This week, Joe Biden called on Congress to give all student borrowers $10,000 in debt relief on their federal student loans. "It should be done immediately," Biden said.
Senators Elizabeth Warren and Charles Schumer say Mr. Biden's plan is not bold enough. They want him to use his executive powers to give all student borrowers $50,000 in debt relief. Senator Schumer said that relief of that magnitude would wipe out all federal student-loan debt for 75 percent of college borrowers and provide at least partial relief for 95 percent.
So--is Biden's proposal too little or too much?
As I have said for years, a flawed relief plan is better than no relief plan. I support any congressional or presidential action that would grant some relief to the nation's 45 million student-loan debtors, who collectively owe $1.7 trillion in college loans. If $10,000 in debt relief is the only arrow in Mr. Biden's quiver, I say he should let it fly.
But both the Biden plan and the Warren-Schumer proposal are flawed. First of all, a $10,000 write-off of each individual's student debt will do almost nothing for the nearly 9 million borrowers in income-based repayment plans. Their debt grows larger by the day because the loan payments aren't large enough to pay off the accruing interest.
Moreover, Mr. Biden wants Congress to approve the deal, which will take weeks, if not months. After all, the student-loan catastrophe is a political hot potato that Congress might not want to pick up.
The Warren-Schumer proposal is far more comprehensive than Biden's. As Senator Schumer said, this would eliminate all (federal) student-loan debt for most Americans. But Warren and Schumer want Biden to take this action on his own hook. Does he have the authority to forgiveness $50,000 in student loans for millions of debtors?
Who knows? Ultimately, a federal court would have to rule on that question.
As Senator Schumer averred, a $50,000 Christmas present would relieve most recent college graduates of all their federal student-loan obligations. For those folks, their college degree would turn out to be free--or almost free. That would make many young Americans very happy, and most of those who bothered to vote cast their ballots for Joe Biden.
But there are moral hazards to the Warren-Biden scheme that are not inconsequential. I think it is a mistake to allow college graduates to walk away from their student loans while doing nothing to force the universities to bring their costs down.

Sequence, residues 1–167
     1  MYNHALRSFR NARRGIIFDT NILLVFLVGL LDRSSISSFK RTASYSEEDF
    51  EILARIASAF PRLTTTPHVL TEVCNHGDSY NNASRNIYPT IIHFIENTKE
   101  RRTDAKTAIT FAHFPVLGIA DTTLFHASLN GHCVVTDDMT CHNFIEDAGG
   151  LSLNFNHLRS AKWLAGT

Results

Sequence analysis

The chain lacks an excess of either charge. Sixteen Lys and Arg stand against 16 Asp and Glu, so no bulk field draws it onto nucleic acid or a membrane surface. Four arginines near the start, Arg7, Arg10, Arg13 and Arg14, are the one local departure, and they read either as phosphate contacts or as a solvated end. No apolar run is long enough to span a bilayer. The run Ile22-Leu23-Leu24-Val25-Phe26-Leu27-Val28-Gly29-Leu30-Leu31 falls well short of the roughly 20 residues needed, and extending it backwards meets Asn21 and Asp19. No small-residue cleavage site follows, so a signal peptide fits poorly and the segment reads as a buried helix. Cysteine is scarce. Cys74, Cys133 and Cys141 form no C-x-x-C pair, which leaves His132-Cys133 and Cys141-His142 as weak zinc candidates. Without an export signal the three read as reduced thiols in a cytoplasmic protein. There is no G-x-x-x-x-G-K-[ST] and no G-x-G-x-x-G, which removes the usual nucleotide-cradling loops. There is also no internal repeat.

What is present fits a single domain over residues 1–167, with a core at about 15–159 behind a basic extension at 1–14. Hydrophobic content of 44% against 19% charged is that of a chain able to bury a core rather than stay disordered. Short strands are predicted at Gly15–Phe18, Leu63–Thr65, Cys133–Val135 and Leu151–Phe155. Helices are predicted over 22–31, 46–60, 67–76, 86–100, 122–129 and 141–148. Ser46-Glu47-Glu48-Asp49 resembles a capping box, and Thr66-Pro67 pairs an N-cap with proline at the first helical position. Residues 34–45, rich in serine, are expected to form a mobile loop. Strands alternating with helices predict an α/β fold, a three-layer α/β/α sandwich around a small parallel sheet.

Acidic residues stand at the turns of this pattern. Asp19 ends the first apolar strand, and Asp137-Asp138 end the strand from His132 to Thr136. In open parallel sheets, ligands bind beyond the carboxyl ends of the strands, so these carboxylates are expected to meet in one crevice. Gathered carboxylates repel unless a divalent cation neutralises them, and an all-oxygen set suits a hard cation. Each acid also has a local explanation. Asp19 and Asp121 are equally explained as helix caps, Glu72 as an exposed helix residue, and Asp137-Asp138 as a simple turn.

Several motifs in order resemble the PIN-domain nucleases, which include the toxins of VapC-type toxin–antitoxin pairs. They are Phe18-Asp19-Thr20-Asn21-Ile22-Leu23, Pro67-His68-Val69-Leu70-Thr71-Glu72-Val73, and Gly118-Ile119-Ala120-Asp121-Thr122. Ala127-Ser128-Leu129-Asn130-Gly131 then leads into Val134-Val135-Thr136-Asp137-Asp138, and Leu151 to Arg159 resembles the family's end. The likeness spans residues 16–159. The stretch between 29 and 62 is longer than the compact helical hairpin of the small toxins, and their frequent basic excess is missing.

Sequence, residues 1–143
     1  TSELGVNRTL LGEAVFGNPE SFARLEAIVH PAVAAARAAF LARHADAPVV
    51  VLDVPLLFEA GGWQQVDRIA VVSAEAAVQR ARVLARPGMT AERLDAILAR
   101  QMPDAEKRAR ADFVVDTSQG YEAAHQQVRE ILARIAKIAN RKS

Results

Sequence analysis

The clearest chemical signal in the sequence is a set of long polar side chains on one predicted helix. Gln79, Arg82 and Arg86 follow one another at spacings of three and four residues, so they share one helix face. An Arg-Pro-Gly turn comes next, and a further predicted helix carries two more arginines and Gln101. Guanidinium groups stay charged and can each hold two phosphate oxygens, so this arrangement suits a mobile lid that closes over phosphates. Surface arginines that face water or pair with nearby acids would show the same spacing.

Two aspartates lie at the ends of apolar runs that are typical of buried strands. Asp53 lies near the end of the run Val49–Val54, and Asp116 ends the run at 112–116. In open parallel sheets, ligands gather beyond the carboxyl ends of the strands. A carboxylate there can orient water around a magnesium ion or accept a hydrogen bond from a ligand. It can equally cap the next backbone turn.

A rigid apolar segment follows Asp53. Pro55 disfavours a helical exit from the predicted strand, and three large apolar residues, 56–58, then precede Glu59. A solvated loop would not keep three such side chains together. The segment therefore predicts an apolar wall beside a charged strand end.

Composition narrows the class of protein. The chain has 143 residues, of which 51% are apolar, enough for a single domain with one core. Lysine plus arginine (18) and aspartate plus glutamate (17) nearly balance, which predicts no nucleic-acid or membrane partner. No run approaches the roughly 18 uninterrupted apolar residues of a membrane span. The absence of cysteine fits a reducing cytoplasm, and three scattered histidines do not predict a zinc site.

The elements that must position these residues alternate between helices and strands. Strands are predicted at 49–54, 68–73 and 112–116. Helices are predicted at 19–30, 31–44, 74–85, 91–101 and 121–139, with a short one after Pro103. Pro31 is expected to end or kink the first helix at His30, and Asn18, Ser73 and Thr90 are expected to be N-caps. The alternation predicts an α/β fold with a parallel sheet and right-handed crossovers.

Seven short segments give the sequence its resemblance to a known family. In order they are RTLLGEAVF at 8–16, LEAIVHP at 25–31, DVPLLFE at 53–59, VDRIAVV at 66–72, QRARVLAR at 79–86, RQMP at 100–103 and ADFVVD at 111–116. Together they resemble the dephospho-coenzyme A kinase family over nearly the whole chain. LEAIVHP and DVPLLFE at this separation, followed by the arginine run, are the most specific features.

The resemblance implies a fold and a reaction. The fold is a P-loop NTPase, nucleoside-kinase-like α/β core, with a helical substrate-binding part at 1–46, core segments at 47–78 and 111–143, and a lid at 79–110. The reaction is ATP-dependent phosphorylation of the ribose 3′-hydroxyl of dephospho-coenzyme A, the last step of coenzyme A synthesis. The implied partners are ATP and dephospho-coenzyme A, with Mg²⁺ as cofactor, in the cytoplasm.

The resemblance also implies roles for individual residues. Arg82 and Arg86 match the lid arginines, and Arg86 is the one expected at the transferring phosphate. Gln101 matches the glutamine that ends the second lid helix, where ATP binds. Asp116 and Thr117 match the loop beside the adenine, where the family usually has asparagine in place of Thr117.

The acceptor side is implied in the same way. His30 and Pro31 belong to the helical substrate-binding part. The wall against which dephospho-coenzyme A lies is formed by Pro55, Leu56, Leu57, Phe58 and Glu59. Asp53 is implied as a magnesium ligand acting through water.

Giving a few million Americans a get-out-of-jail-free card on their student loans will only encourage the universities to continue charging too much for a college degree and perhaps even tempt them to raise prices further. What do tuition costs matter if the government is going to step in from time to time and give students a free ride on their loans?
And once the feds step in once with a $50,000 bailout, students will get it into their heads that they will do it again. So why worry about those student loans? How will kids pay the rent on their luxury student housing?
No. It would be much better for Congress to pass legislation--with the next President's support--that would give distressed debtors easier access to the bankruptcy courts. Let the bankruptcy judges sort out who is really broke and deserves debt relief.
Regardless of what Congress or the next president does, the student-loan scandal will not be fixed overnight. It is the huge friggin' elephant in the room that has blighted millions of Americans' lives.
But I think it would be a mistake for our national leaders to wipe out perhaps a trillion dollars of student debt and leave the taxpayers stuck with the bill.
Americans have grown skeptical about the value of a college experience at universities mired in sexual-assault scandals (Penn State, UCLA, Baylor, Michigan State, LSU, etc.). They wonder why our elite schools harbor so many blowhard professors who teach students nothing more than most of them are victims of societal bigotry.
Ain't there at least some good things about American society--its culture, literature, democratic values, respect for human rights--some American virtues worth studying and nurturing?
If not--if America is in the toilet and worthy of nothing but contempt, why must students spend four or five years in college and borrow $50,000 or $60,000 to get a bachelor's degree in cynicism? Didn't they learn to be cynics in high school?